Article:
The last day to register to vote is April 6. Early voting begins April 24 and will continue through May 2. You can even vote on a Saturday or a Sunday.

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1928TrolleyandInterurban-Red

Tyler and Polk Streets in Red, 1928. Thick black lines denote trolley and Interurban routes. (Source: MC Toyer, phorum.dallashotsory.org)

You have two more chances to add your input to the redesign of Tyler and Polk Streets in North Oak Cliff. They’ve been a couplet of one-way streets for decades and are under consideration for a conversion back to two-way. Tyler-Polk isn’t alone in this conversation either — next up, McKinney and Cole.

Even if you just work or play in North Oak Cliff you can submit input. Speakers at the last meeting tended to qualify their opinions with their address and tenure in the neighborhood, but anyone can submit a comment card, or even easier, shoot an email to Councilman Scott Griggs: scott.griggs@dallascityhall.com.

Here’s What You Should Know

“The [newly converted two-way streets will] function as part of a safer, more comprehensible, less intimidating network, one that promotes multiple forms of transportation and better serves economic development.”  – Southbend, Indiana discussing a similar road conversion project

The primary objectives:

  • enhanced economic development opportunities for existing businesses and potential future development along these roads
  • increasing safety of other modes of transportation, especially biking and walking, but also bus transit
  • improve pedestrian experience (accomplishing the other two objectives) by slowing car speeds

Remember the first ever Better Block at Tyler & 7th, April 2010? That’s basically the inspiration here — more street life, which is better for business. Only the sidewalk widths aren’t changing and we won’t be adding outdoor cafe seating.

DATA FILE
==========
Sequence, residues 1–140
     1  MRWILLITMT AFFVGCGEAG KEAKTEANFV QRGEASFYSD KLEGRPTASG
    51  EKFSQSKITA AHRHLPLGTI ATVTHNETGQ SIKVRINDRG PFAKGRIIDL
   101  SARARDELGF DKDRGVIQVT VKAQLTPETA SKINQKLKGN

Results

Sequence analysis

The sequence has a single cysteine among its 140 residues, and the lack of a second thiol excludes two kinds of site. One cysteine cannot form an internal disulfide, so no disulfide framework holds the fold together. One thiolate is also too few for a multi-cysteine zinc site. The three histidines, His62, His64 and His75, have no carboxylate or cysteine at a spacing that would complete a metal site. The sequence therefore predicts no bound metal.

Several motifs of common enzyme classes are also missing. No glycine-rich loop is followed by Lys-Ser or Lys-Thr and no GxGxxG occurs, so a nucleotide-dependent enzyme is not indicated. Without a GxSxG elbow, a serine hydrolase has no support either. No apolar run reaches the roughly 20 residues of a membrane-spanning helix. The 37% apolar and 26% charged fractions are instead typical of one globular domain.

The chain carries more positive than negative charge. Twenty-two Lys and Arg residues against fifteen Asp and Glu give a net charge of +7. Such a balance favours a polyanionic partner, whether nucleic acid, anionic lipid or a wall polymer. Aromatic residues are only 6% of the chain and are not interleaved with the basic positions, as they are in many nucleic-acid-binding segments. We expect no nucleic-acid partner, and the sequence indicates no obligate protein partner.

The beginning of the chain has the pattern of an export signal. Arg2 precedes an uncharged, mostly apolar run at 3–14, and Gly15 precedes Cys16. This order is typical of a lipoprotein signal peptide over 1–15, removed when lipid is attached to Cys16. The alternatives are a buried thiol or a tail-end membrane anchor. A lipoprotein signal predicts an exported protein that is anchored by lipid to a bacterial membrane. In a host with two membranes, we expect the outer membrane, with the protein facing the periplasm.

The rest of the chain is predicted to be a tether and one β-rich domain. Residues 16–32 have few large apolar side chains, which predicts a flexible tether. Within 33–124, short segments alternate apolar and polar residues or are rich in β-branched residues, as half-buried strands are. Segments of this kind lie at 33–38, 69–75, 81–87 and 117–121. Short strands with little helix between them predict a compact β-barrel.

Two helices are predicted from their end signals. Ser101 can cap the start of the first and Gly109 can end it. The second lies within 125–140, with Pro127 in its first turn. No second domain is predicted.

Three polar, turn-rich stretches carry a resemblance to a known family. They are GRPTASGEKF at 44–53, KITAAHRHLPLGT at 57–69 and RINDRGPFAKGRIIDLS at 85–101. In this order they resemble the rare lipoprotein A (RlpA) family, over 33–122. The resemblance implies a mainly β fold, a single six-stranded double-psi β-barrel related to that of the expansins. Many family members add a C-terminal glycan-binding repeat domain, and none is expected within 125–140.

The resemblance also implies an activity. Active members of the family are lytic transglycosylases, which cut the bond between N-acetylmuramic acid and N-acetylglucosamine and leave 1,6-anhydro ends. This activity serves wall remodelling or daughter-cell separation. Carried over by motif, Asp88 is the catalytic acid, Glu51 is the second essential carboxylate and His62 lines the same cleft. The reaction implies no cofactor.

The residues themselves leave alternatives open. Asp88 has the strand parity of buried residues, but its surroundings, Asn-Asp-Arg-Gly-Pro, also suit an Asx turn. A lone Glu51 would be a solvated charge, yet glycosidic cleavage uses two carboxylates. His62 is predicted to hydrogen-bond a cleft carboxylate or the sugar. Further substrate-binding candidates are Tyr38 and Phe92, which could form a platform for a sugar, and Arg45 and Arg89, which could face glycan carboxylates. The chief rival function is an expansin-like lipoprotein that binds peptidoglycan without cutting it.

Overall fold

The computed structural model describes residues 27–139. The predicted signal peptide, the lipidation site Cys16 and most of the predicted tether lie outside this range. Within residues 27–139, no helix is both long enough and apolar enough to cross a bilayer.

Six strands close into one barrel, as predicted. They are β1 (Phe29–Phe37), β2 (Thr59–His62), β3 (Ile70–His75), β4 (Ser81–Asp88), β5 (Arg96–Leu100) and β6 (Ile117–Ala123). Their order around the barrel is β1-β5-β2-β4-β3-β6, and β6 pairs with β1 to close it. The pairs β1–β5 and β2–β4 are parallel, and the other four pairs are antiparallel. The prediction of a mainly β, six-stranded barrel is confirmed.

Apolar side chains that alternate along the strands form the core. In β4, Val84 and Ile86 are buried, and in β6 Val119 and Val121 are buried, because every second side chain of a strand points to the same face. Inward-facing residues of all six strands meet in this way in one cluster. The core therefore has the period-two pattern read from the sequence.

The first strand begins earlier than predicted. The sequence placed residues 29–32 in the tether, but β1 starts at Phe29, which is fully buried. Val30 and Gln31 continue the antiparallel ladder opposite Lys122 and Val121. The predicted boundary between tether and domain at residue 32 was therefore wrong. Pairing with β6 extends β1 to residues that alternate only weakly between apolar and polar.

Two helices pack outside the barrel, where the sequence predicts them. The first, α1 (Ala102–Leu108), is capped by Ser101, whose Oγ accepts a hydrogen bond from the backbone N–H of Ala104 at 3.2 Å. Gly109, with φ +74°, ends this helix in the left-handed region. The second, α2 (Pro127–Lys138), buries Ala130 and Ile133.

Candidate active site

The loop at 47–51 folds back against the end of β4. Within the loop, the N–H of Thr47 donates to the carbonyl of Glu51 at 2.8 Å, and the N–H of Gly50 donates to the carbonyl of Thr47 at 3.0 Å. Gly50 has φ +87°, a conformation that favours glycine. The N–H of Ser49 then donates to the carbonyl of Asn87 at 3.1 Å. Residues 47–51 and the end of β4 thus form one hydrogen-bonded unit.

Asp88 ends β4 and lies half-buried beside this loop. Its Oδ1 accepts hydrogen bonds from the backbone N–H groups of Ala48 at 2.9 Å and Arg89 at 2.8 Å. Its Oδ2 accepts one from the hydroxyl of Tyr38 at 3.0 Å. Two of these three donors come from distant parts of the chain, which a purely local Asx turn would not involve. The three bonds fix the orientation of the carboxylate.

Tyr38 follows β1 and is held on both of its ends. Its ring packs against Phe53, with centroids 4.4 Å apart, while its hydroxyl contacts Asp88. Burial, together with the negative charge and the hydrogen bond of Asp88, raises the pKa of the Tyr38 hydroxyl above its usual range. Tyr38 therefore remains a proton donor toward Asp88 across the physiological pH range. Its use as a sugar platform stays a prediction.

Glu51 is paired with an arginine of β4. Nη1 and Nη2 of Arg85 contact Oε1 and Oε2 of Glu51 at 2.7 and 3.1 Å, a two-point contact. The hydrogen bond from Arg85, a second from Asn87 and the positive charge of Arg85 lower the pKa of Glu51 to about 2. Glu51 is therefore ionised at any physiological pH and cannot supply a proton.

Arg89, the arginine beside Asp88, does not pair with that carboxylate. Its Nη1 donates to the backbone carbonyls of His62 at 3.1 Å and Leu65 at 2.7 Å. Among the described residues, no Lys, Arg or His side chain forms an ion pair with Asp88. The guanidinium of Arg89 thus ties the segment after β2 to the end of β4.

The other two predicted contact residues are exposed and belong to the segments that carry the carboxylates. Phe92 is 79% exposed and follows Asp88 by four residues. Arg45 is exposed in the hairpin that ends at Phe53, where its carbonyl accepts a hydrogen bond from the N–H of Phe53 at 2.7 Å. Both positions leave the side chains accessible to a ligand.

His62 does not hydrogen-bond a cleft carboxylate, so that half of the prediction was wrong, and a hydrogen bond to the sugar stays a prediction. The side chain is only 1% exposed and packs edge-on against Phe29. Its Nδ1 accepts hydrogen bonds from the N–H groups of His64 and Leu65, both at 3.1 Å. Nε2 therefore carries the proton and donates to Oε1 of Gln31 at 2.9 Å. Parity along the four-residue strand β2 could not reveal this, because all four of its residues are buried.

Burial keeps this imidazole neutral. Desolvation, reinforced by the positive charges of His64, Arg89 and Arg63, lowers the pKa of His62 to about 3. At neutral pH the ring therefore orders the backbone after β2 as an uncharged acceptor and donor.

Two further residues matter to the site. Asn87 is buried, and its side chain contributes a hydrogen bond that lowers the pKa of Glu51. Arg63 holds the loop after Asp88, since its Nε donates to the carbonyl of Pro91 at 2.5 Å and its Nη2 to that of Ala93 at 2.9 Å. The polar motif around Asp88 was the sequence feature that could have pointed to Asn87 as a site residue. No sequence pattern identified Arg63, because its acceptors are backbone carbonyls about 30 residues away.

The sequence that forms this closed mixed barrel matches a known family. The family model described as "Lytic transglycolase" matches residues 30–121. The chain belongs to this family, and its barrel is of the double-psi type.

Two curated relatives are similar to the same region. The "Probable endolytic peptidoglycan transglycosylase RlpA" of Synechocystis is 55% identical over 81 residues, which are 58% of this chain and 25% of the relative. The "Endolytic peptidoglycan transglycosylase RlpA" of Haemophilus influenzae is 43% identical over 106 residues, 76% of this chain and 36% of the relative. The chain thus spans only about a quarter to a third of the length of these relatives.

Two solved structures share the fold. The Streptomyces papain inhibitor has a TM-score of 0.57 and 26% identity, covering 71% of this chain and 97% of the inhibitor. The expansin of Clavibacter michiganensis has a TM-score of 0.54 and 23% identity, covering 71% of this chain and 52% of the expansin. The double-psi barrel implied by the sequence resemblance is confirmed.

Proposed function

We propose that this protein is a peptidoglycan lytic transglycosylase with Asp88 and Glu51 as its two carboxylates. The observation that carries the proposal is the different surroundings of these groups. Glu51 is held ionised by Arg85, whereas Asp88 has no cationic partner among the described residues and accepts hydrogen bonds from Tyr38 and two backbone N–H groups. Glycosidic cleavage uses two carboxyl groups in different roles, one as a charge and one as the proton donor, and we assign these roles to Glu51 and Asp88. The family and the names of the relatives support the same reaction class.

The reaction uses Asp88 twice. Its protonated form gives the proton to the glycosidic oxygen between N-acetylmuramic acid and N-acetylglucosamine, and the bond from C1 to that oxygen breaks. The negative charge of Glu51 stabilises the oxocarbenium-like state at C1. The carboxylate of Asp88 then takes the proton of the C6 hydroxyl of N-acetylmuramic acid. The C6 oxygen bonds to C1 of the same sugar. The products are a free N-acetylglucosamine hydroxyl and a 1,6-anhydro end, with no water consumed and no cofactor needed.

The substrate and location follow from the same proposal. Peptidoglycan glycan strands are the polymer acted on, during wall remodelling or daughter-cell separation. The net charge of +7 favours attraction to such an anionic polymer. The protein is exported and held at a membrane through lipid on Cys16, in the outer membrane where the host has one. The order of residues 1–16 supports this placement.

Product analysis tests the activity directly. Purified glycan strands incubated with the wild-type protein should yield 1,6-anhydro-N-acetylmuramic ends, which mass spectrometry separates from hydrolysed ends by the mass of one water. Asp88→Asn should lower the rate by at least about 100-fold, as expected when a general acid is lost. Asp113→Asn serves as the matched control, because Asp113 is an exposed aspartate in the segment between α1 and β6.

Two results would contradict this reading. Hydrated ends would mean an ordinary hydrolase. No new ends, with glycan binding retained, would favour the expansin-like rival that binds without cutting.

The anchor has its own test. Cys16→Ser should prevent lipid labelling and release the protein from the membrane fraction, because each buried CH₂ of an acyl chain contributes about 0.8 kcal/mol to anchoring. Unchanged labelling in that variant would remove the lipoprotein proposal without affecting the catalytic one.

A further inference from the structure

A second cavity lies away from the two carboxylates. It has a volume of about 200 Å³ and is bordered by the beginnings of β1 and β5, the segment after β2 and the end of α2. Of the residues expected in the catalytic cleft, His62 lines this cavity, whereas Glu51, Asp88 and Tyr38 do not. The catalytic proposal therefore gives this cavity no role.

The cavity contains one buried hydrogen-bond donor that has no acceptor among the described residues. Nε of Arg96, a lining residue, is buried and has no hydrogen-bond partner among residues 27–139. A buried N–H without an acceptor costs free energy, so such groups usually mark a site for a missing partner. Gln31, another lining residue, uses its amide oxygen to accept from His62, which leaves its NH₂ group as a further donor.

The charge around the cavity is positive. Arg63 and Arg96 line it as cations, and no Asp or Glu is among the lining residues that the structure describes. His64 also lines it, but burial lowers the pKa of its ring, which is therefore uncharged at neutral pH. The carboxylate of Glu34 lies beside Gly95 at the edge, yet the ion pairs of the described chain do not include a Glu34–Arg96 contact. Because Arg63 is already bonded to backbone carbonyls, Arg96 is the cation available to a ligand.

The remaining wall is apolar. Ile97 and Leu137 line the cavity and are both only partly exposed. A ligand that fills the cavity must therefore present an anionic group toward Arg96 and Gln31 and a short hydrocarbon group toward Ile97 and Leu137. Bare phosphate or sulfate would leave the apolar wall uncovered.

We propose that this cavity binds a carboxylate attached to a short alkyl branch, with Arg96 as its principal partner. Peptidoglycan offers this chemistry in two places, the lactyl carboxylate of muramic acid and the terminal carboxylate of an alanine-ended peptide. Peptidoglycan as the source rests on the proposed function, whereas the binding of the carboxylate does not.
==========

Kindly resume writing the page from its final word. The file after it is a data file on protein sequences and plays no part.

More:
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economics and architecture

As Dallas continues to mature and it enters the next stage of civic life, we will witness transformation marked by progressive urban, cultural, and architectural changes.

Economics and Architecture

Jeff Whittington

However, progress and growing pains often come together, as exemplified by the recent Supreme Court decision regarding Texas Department of Housing and Community Affairs v. The Inclusive Communities Project, Inc. This case rendered Texas’ current affordable and low-income housing tax credit allocation unconstitutional, and its subsequent decision has forced many developers to re-consider their development strategies and will have architects re-examining what neighborhood context looks like.

This Supreme Court decision will impact our definition of neighborhoods in Dallas, and it can give birth to a vibrant and exciting phase of our city’s growth if we allow it to.

The next Dallas Architecture Forum (DAF) panel discussion on May 10 at 6:30 p.m. will explore all of those possibilities, and how what may be viewed as a setback might invigorate the neighborhoods of our city.

The event will be moderated by Jeff Whittington, executive producer for special projects and KERA’s Think series, as well as host of Anything You Ever Wanted to Know on KERA 90.1 FM. He also created and launched the KXT Live Sessions series for KXT 91.7 FM.

“Moderator Jeff Whittington will be joined by expert panelists including a Dallas City Council member, a representative from City Square, and academic thought leaders,” said DAF Executive Director Nate Eudaly. “They will discuss the impact of the recent Supreme Court decision regarding Texas Department of Housing and Community Affairs v. The Inclusive Communities Project, Inc. and how it will define our neighborhoods.”

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BarPolitics-napkin

By Amanda Popken
Special Contributor